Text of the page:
Cell signalling
Cell signalling

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Cell signalling

2.4 Receptor inactivation

As with all signalling components, receptors need to be switched off as well as on. Receptor inactivation can operate in several ways including removal of the ligand by degradation or sequestration, and desensitization of the target cell.

Binding of a ligand to its receptor is a reversible process, as the ligand will ultimately dissociate from the receptor and may be degraded. Acetylcholine is a good example of a signal regulated in this way; it is degraded by the enzyme cholinesterase within milliseconds of its release from neuron terminals.

Ligand removal may also occur by sequestration following binding to proteins other than its normal receptor (these may be decoy receptors or extracellular proteins). ‘Decoy receptors’ are cell surface receptors that bind the ligand but do not convey the signal onward in the pathway (for example, truncated RTKs that lack the intracellular kinase domain). Similarly, soluble extracellular proteins containing ligand-binding domains may also sequester the ligand. In both cases, the effect of the extracellular signal is neutralized prior to receptor binding.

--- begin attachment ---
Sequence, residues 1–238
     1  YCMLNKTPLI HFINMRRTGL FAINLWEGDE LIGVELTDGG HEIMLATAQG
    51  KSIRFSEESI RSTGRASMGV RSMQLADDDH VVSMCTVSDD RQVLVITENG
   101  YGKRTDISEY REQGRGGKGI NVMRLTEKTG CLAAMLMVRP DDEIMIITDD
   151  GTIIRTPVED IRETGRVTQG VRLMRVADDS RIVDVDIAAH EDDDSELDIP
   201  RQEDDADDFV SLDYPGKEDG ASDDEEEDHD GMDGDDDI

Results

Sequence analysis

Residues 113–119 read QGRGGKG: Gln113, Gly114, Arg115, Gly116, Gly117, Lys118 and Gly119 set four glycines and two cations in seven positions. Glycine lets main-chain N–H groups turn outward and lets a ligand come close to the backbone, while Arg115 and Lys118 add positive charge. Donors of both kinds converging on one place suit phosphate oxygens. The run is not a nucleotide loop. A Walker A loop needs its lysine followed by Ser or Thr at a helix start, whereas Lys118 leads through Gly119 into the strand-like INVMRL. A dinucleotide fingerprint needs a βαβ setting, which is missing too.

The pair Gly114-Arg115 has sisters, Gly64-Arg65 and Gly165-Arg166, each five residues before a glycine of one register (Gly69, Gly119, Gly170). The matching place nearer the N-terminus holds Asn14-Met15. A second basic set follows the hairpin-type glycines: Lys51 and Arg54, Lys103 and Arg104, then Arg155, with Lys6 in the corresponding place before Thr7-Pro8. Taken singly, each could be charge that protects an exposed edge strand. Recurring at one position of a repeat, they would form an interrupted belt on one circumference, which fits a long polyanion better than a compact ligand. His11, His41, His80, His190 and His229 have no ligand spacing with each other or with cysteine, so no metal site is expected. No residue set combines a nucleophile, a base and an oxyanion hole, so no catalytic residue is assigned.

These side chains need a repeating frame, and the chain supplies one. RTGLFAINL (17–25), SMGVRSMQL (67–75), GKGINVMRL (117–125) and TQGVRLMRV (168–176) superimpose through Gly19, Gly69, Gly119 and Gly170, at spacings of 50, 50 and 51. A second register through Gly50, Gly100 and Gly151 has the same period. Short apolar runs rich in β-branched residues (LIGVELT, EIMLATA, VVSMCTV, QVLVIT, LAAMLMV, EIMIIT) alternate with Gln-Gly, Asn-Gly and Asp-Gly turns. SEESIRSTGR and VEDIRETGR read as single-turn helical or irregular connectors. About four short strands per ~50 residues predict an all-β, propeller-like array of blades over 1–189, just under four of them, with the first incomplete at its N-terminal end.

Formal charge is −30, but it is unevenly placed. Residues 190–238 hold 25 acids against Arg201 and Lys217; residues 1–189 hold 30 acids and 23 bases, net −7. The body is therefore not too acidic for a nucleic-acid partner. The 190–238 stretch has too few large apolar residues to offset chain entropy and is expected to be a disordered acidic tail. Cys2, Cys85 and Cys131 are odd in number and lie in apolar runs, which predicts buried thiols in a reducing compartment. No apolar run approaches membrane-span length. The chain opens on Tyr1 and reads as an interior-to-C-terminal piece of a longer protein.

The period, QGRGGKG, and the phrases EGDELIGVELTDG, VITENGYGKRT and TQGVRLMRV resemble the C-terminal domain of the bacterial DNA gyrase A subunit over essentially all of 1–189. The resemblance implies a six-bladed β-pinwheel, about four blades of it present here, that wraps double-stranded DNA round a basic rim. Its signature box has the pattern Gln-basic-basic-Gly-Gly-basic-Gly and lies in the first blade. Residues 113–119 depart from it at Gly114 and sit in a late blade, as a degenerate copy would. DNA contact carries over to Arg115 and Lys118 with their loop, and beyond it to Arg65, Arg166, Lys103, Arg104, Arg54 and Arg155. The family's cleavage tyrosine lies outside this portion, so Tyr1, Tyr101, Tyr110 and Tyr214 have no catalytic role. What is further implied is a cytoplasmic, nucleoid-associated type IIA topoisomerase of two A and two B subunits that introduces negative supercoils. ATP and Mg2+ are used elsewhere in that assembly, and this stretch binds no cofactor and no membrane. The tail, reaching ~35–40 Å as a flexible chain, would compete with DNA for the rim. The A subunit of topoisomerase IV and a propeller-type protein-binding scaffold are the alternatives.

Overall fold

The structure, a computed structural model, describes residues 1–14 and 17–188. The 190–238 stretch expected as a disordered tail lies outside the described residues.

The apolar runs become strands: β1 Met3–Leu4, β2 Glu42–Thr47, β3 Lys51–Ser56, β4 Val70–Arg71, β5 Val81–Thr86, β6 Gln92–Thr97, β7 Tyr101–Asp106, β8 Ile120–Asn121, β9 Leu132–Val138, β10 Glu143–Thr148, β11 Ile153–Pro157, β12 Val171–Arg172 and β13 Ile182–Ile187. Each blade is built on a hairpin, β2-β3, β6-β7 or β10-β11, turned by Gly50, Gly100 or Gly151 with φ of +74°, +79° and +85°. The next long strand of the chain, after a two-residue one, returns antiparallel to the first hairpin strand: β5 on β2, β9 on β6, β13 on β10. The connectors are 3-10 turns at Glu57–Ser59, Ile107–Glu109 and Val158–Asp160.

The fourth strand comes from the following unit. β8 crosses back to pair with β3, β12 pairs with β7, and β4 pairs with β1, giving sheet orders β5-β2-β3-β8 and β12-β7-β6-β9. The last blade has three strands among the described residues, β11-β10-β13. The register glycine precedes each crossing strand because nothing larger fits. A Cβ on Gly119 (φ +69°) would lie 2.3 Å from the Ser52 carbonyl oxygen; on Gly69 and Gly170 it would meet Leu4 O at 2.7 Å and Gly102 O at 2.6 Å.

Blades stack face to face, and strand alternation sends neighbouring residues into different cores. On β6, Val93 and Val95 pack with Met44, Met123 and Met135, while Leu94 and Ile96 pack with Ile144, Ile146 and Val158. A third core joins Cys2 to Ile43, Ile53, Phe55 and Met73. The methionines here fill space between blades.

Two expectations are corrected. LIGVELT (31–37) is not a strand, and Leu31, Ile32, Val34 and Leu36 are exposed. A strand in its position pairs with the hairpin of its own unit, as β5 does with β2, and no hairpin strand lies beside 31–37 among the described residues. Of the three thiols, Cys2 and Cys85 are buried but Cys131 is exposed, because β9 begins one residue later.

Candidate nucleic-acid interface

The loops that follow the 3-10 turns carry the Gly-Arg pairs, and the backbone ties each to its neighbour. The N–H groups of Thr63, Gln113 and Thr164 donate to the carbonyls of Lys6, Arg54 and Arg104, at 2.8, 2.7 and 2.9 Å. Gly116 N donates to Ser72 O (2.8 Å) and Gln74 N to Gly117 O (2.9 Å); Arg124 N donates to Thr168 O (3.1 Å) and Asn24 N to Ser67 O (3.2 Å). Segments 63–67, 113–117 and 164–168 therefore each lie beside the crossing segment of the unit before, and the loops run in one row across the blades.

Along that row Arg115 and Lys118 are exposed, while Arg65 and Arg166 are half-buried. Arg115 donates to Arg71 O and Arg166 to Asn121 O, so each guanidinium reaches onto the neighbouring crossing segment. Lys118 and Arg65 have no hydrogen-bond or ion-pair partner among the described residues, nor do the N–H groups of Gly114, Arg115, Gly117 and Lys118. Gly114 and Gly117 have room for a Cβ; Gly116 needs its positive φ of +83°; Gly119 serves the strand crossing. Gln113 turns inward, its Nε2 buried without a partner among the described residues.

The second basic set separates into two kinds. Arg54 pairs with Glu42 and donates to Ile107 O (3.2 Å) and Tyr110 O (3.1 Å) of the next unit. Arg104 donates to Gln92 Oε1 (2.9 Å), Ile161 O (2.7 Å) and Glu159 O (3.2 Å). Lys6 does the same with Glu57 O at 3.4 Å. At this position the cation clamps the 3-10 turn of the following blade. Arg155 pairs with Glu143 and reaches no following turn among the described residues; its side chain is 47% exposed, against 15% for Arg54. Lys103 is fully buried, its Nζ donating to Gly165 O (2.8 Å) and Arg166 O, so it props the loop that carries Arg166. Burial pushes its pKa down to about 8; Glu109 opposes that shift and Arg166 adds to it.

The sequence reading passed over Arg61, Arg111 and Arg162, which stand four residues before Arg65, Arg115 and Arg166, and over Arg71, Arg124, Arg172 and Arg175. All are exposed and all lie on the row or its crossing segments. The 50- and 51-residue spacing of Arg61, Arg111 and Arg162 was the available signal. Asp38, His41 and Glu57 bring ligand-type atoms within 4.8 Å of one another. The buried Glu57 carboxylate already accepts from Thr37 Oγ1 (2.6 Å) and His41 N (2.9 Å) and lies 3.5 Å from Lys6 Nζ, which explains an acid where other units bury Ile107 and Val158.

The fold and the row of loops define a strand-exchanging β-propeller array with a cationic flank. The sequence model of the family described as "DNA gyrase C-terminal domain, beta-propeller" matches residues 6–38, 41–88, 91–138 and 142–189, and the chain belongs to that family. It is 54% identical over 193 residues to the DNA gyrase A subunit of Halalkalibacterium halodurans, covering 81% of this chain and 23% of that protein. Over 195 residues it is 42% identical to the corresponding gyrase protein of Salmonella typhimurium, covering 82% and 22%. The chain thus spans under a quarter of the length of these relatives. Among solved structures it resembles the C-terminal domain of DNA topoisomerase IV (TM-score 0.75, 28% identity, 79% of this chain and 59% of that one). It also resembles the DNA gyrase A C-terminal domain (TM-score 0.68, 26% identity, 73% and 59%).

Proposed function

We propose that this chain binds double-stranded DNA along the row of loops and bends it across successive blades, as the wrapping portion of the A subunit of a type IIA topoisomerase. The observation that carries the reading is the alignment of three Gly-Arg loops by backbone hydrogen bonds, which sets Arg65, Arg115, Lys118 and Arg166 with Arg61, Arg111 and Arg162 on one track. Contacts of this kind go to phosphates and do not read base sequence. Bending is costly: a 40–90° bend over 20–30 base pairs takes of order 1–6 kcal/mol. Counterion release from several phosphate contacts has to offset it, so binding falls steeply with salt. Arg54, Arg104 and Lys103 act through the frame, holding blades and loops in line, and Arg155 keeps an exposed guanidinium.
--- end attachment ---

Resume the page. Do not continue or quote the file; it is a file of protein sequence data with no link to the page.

If the ligand cannot be degraded or sequestered, the target cell may, after prolonged activation, become desensitized. Desensitization can occur in several ways, the principal ones being inactivation of the receptor (blocking its interaction with downstream signalling components), sequestering the receptor into endocytic vesicles (from which it can be recycled back onto the plasma membrane), or ultimately degrading the receptor in lysosomes. These mechanisms of receptor desensitization usually function in sequence, and progression from one stage to another can depend on factors such as ligand concentration. Activated GPCRs can be desensitized when they are phosphorylated by different protein kinases. The phosphorylated receptor then binds to a cytosolic protein called arrestin, forming a complex that both blocks any interaction with downstream signalling molecules and couples the receptor to clathrin-coated pits , inducing receptor-mediated endocytosis. Another example of desensitization induced by binding of a cytosolic protein to the receptor is provided by c-Cbl. It binds to phosphotyrosine residues of certain activated RTKs via its SH2 domains, thereby promoting the association of the receptor–Cbl complex with ubiquitin. The receptors are then sequestered and degraded via the ubiquitin–proteasome pathway.


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